Children enter this world seeking love, comfort, understanding, and empathy. They hope and expect that when they cry, their parents or caregivers will feel their distress and respond to their needs. Babies are profoundly attuned to this reciprocal relationship, they thrive and grow using these early interactions to build their own emotional framework. Around age three, as children begin to interact with the wider ecological system from an advanced level of development, (communication, mobility, coordination, and attention span), we see a shift in the way they perceive and understand their own identity in the larger context of their surroundings.
Empathy and Kindness
Empathy relates to one’s ability to notice, share, understand, and take into account how others feel. For young children who are just beginning to comprehend the complexity of emotions, this can take some time to integrate, process, and apply. Kindness for children means being included, sharing toys/space, witnessing generosity, and being considerate to others. Children at this age are socially and emotionally well equipped to understand when someone wants to be part of their world, and that allowance is reciprocated. Like empathy, this skill also requires time, modeling, and lots of practice. For some children, reacting when someone is sad, and what to do when friends get hurt have been exemplified by parents, caregivers, and teachers since birth. Children who have been afforded multiple opportunities to see what kindness looks like, feel, and displayed between people in their environment, may find it easy to emulate those feelings with peers and siblings. But many children struggle with recognizing how others feel or finding the best way to help, therefore showing kindness might be challenging.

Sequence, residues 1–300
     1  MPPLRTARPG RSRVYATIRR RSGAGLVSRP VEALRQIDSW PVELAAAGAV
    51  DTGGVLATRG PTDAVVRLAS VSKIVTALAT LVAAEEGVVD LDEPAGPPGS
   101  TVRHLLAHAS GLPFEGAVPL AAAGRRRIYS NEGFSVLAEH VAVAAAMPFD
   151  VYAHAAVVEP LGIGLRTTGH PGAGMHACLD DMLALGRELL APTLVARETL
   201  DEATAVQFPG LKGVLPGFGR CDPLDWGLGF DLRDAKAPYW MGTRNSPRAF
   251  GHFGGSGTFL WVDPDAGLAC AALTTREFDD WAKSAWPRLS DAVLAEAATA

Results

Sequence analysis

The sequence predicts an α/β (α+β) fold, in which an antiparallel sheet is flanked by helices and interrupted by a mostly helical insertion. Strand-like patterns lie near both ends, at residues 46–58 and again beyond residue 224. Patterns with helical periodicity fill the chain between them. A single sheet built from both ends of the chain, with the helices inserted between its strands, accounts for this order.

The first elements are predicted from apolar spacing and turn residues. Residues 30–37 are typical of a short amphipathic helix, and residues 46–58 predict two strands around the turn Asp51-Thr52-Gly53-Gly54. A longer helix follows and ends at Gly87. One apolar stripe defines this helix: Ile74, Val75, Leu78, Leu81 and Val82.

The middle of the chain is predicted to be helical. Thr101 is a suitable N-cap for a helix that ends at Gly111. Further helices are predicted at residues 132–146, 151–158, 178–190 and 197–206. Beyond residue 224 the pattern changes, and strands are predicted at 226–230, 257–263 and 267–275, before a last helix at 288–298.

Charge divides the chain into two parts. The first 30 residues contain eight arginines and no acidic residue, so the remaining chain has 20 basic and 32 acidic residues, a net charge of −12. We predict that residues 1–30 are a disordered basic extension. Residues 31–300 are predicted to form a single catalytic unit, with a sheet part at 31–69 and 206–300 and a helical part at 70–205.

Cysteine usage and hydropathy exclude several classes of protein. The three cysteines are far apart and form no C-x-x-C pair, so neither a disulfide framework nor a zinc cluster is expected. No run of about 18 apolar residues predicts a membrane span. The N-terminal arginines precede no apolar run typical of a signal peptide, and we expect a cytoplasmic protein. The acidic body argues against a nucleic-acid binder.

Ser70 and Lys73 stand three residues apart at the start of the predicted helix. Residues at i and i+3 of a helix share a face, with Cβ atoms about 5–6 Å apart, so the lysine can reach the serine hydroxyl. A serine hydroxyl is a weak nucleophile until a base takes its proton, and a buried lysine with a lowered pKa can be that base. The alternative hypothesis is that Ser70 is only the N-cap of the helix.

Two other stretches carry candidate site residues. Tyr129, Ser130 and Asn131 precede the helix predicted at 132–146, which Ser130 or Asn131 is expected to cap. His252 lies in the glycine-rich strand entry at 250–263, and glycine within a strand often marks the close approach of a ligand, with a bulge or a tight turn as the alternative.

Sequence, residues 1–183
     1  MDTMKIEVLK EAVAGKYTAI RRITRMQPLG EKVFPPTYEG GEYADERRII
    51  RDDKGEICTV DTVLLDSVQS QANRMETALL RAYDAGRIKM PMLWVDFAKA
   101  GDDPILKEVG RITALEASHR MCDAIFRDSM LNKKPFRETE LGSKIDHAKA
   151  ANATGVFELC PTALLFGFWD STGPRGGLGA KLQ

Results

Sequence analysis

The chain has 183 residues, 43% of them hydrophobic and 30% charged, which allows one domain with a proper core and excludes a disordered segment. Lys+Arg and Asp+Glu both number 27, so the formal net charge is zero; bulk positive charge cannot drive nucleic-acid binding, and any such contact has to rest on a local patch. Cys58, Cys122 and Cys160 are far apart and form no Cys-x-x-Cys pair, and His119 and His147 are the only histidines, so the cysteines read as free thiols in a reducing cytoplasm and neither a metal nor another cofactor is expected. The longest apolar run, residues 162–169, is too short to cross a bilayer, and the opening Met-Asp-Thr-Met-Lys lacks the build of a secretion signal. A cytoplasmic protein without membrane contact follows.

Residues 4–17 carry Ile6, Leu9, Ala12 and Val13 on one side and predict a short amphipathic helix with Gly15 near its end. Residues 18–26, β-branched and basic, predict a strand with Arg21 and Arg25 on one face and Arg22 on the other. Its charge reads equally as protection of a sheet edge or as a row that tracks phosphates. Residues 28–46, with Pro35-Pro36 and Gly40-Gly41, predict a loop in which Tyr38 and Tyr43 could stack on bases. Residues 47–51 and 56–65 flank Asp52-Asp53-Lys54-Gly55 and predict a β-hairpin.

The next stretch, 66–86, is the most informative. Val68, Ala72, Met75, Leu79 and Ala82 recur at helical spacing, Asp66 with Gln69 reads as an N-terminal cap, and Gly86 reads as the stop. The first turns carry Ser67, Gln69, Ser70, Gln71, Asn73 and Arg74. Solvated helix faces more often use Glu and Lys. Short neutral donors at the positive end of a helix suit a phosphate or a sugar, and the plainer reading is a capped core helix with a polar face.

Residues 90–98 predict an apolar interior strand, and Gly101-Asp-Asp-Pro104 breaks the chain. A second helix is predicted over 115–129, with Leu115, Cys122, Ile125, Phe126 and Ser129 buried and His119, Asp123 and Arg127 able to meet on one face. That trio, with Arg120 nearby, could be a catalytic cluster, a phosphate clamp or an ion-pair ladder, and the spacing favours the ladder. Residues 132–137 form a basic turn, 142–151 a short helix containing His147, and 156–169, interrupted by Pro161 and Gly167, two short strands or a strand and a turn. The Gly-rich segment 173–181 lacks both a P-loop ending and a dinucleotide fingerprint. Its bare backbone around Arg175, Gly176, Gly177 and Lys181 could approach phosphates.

But there is a lot we can do to support children to strengthen these skills.
Ways to Promote
- Highlight situations where someone is showing empathy to others, use words that capture what that means, and use facial gestures to help children understand what is better.
- If you see unkind interactions, let your child know how that feels to others, so they can work more on being kind and empathetic rather than unkind.
- Build their language skills by introducing and describing many different ways to say kind, generous, empathetic, and considerate.
- Use affirmations when you see your child doing something kind, hug them, show affection, play with them, and when they ask why-describe what you saw them doing.
- Avoid giving treats or toys for showing kindness or empathy towards others as that will diminish the intrinsic motivation to engage in such acts.
- Let them see you make mistakes. If you are unkind, help them see how to correct such behavior so they can see that it takes time to develop skills that last well into adulthood.
Empathy and kindness are critical skills for human development. We can start showing children what empathy and acts of kindness mean beginning at birth and building on these skills during the early childhood period.
Learn more: http://www.earlyeducationethiopia.org/